home to the vast and unique archive the Tanzania Heritage Project is trying to save.

Digging for vinyl is hard work and takes a lot of patience – but can be worth the
effort.

Around Kariakoo young entrepreneurs have started flourishing businesses selling
MP3s from desktops computer set up on the street. For about 20 pence you can
have dozens of tracks added to your phone or iPod – much to the chagrin of the
musicians, copyright society and vendors selling legit copies.

Best places to shop?

Kariakoo is the place to hit. Otherwise wander down Samora Avenue near the port
and check out the back streets.

Your town only experiences?

Hanging out the door of a packed dala dala (public mini bus) while the driver swerves
between traffic blasting mchiriku –the stereo may be the only thing that works
properly on the whole bus.

What’s the local expression/saying?

“Bongo” refers to Dar, and literally means brains or wits. Locals say you’ll need them
to survive here.

A popular greeting with the youth is “Mzuka” – literally meaning ghost or zombie,
but also used to express “wild” or “Alive”.

“Wowowo” is my favourite Swahili slang, referring to the fuller-figured female form
– much revered by Tanzanians.

Sum up your town in three words

Friendly, sleepy, chaotic

What’s the best local delicacy/street food/snack?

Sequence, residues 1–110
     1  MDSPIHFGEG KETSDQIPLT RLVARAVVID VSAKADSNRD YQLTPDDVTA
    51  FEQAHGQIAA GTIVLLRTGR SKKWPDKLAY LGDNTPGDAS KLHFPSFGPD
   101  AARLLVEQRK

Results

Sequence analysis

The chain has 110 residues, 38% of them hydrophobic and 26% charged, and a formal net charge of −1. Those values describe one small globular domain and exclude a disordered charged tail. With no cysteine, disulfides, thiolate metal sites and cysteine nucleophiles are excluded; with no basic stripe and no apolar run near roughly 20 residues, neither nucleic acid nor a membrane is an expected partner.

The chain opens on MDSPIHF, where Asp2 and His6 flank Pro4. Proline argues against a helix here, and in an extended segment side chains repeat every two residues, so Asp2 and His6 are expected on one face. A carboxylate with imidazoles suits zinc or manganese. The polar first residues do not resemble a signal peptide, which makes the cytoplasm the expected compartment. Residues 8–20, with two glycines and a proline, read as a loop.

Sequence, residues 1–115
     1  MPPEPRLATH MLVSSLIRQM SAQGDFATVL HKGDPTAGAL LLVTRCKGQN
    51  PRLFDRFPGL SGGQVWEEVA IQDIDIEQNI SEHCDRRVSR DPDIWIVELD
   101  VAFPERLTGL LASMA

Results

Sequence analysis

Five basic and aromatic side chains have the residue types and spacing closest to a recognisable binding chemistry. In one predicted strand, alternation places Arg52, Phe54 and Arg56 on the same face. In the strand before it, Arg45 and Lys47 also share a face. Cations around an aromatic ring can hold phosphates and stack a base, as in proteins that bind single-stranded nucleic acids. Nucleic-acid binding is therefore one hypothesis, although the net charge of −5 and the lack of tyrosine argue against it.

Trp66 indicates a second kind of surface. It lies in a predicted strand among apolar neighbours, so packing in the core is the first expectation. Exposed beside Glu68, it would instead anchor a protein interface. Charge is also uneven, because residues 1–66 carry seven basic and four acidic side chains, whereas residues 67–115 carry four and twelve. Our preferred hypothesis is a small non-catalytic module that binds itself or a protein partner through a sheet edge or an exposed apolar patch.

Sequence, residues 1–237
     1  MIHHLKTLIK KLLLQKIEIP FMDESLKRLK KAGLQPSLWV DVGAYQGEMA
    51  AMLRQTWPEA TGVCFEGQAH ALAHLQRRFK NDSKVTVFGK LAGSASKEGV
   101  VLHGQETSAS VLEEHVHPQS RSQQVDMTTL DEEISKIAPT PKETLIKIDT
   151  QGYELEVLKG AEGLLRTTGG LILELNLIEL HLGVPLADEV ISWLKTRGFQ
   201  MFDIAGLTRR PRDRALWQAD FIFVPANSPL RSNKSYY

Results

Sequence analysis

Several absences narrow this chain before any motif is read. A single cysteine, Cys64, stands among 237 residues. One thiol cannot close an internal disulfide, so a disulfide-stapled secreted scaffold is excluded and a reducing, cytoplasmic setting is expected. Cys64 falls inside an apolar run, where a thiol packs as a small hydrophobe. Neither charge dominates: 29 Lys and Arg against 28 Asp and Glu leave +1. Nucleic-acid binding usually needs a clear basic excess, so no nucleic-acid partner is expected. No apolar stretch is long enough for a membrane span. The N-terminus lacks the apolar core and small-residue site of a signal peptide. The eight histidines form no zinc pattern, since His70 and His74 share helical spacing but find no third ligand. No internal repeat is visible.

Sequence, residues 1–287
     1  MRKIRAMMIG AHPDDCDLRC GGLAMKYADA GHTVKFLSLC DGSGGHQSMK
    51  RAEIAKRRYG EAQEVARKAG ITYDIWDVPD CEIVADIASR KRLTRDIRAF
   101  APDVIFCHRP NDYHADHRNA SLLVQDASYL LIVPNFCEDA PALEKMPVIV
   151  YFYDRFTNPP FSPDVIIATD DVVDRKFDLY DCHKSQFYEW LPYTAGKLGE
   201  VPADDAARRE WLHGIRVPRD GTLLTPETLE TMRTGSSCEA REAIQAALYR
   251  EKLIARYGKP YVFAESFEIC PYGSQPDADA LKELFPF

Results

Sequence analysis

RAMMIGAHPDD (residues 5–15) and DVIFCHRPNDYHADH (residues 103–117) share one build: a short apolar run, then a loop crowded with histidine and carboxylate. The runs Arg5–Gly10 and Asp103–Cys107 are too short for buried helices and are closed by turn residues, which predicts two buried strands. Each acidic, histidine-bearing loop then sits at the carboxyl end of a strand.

Mishkaki and grilled meats of all flavours are hugely popular. Chips and eggs also.
There’s also lots of good Indian food – especially downtown.

Who is the best local talent in your area?

Away from the dance band legends, Jagwa Music are the most interesting new band
I’ve heard so far, fully deserving their increasing exposure in Europe. Rough and
raw, four drummers hammer out breakneck 180bpm rhythms on drums made of old
pipes and trash, while a single distorted Casio keyboard – amped through a crappy
Tannoy system – provides the earsplitting, psychedelic noise element. Throw a
ridiculously charismatic and good-looking singer into the mix, and they are the most
exciting thing happening right now. Their album doesn’t do them justice, but live
they are an afro-punk-rave riot. Also check out Leo Mkanyia and band – incredible
musicians bridging the gap between old and new and who regularly play 4 or 5-hour
sets.

10 Tracks Inspired by your town/country . . .

Mbaraka Mwinshehe – Shida

International Orchestra Safari Sound – Majuto

Afro 70 Band – Week End

Cuban Marimba Band – Subi Subi No 2

Jagwa Music -

Super Maya Baikoko

Hukwe Zawose + The Master Musicians Of Tanzania – Nhongolo

Remi Ongala Remmy Ongala & Orchestra Super Matimila ~ Sika Ya Kufa

DDC Mlimani Park – Edita

Leo Mkanyia ‘Jasho Langu’

 

Check out other My Town features

Lefto Presents Brussels //Mari Presents Tokyo // Edgaro Presents Havana // Hiatus Kaiyote Presents Melbourne // Clea Presents Stockholm //  Sinden Presents Los Angeles // Ahu Presents Istanbul // El G Presents Buenos Aires // Andrew Jervis Presents San Francisco // Bobbito Garcia Presents Harlem